The pump fake wasn’t much, but similar to the subtle moves Malone used against Kareem, it worked.
The Three T’s: Timing, Technique and Tenacity
Many believe cleaning the boards is all about boxing out, but for Big Al, that isn’t the case. Instead, No. 25 relies on a combination of anticipation, timing and technique, as Alec Lam of SLC Dunk broke down:
“Along with the timing, the technique of jumping for the rebound was outstanding,” Lam wrote. “It was always balanced, jumping straight up off two feet going strong with both hands… Along with his great technique, he also does an amazing job with predicting the location of the rebound.”
A great example of this came from back in Al’s Utah Jazz days when a funny bounce allowed him to gain just enough room to beat a block out attempt. He jumped up and, at its highest point possible, tipped the ball over the defender back to himself, then spun his way back through the lane and went up strong for a dunk over a different defender.
There were three New Orleans defenders underneath the basket and just one Big Al, but it was The Postman who came up with the board and the jam.
This timing and technique was among Malone’s strengths as well. Players knew that Moses would be lurking somewhere near the basket. And if he wasn’t, he’d somehow find his way there. But either way, given half a chance, he would make the play that needed to be made.
A fantastic example of this, oddly enough, came in an All-Star game when a teammate launched an off-balance shot short of the rim. Malone was there to clean up the miss, beat out a defender and tip the ball in for two in traffic. He made it look incredibly easy because although the defender had better position, Malone had better timing, which made the play happen.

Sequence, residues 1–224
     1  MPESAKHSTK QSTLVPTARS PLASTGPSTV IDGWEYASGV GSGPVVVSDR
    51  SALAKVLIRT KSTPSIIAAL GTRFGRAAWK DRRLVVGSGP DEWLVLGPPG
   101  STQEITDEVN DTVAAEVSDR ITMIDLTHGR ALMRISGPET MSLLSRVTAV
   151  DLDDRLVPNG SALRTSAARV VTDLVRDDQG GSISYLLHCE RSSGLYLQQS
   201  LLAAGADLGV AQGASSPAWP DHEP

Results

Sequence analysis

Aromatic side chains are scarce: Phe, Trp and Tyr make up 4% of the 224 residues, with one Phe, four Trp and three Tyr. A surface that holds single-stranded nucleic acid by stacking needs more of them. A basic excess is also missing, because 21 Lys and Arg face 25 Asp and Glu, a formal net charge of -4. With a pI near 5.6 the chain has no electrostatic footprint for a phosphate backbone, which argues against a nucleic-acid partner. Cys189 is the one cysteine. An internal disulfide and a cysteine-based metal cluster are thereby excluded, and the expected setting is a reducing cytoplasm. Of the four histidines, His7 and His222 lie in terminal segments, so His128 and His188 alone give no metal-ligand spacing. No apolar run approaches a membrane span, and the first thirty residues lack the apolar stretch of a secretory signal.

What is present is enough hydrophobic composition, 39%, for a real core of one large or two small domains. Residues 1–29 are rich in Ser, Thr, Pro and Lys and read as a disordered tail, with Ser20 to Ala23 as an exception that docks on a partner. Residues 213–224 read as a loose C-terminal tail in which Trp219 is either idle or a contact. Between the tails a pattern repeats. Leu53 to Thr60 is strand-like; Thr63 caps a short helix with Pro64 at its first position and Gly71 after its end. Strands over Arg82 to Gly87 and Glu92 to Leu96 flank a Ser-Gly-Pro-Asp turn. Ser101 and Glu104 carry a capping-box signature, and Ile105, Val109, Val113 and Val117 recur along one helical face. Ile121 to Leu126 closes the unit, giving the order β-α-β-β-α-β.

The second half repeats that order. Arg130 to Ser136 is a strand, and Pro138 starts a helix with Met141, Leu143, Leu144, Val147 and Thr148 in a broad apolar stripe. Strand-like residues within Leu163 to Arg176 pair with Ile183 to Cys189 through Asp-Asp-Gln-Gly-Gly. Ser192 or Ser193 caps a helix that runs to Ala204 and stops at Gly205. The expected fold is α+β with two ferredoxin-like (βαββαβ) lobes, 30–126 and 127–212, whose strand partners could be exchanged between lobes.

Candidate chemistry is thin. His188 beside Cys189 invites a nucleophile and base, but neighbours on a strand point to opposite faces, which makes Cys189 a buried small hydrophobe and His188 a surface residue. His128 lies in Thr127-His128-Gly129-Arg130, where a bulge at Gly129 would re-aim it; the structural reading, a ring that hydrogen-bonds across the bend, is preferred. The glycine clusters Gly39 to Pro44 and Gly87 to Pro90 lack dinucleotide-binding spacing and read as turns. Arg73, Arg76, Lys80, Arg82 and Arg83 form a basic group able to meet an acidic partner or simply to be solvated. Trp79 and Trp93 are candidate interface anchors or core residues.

Now here’s Big Al on a similar play that proved to be a game-winner. Utah guard Devin Harris launched a last-second floater in the direction of the basket. Whether it was a shot intended to go in the basket or just a setup for The Postman down low didn’t matter.
While the Sacramento defenders were all contesting the Harris shot, Al found his way to the ball, tipped it into the basket and won the game for his squad.
The Final Word
Al’s first exposure to Malone’s game came when he was on board with the Boston Celtics. Then Boston coach Doc Rivers gave him a tape of the old-school center, and Al’s eyes were opened.
“I was so amazed,” Big Al said of the Moses Malone tape. “My game was so much like Moses Malone and his style of play. I still have that DVD to this day.”
Ever since, The Postman has continued to model his game after The Chairman, from crashing the boards, to working the block, and even his crafty short-to-mid-range jumpers. Playing the physical game down low and in all levels of the post like Malone is something that few players outside of Al still do in today’s game—as his former coach told the Charlotte Observer.
“Playing ‘big’ is a lost art,” Rivers said. “Al is the most instinctive scorer on the post in the NBA…The second practice I had with him – he was 19 years old – he made a couple of moves where I turned around to someone and said, ‘No one taught him that!’”